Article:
This is presently home to the Decatur County Board of Education office.
Bainbridge Commercial Historic District, National Register of Historic Places
This general store is built in the same style as the one pictured in the next post, located on the other end of Oak Street. Jenny Pennington, at the suggestion of Lynn Walden Williams shared a history of Matthews first posted on the Remembering Wrens Facebook Page and which was very enlightening. It’s a compilation of memories of the town from some of the oldest members of the community including Jenny’s parents Herbert and Sara Pennington, Bessie Neal Jones, Dorothy Barrow Atwell and H.C. Stewart, Jr. The history notes that the store was built by Levin A. Ganus who partnered with William A. Tarver as Ganus & Tarver, Dealers in General Merchandise. The partnership only lasted a year, but the Ganus family operated the store and post office for many years.
Thanks to Keith McLendon for first identifying it as the post office, noting it was open until about 15-10 years ago.
Located near the railroad tracks in Ohoopee, this appears to be the last remaining commercial structure in the community. It’s also possible that it served as a bank. Cindy Talley Nolfe, via Facebook, notes that it was the U. S. Post Office in the 1950s. [The post office closed in Oak Park in 1953].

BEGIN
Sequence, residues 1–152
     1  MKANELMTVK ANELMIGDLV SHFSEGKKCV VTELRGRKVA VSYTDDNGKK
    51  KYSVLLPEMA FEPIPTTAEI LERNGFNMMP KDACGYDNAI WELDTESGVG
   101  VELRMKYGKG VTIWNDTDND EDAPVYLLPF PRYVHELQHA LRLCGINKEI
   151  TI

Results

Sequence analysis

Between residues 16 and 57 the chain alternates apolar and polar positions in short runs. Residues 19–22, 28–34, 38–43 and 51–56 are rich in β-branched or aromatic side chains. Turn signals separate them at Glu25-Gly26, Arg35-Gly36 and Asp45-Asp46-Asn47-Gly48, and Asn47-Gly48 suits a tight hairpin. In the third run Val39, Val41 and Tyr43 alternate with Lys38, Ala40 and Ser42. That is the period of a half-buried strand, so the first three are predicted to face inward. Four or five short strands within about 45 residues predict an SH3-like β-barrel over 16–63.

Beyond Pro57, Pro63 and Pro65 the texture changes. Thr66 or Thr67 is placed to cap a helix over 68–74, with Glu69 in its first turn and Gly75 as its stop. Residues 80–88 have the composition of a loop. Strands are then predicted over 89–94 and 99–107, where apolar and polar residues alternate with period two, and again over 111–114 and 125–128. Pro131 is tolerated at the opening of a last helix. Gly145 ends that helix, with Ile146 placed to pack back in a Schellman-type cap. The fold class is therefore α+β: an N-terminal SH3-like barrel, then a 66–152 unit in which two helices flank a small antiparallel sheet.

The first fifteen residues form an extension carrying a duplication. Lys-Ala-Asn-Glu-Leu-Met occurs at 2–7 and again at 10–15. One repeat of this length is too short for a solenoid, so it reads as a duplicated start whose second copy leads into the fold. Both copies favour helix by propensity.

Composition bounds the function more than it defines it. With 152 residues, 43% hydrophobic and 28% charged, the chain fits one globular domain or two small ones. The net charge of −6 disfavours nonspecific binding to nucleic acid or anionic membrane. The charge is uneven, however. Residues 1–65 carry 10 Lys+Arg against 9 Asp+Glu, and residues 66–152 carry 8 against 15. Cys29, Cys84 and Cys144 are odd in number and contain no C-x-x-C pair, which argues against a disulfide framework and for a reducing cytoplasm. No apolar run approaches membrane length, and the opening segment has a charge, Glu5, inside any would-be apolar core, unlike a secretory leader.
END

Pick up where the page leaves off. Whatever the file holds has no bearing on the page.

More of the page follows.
I recently learned of the existence of this bank from Vivian Wisham, on my Vanishing Georgia Facebook group. She also told me of the house next door. I spoke with an older gentleman while photographing it who noted it was the Bank of Girard (he wasn’t positive about the name) and probably built in the 1910s. After it failed in 1927, it became the Girard Post Office and served that function for many years. He also stated that he had a photograph of his father in front of the post office circa 1934. He was hopeful that it will be saved. The old bank vault remains inside.
R. Bayne Stone writes: This was originally the Graham post office. It is hard to see, but there are still bars on the windows. After a time Graham could not support a full-time staffed Post office and it was moved to my Great-Uncle Milledge Stone’s grocery store and staffed part time by his daughter. This building (the abandoned post office) was crudely converted to a residence. You can barely see the eve of the bathroom added and a front entrance on the front facing the railroad. Across the railroad there stands what once was a huge beautiful home and across from it was a bank and a movie theater.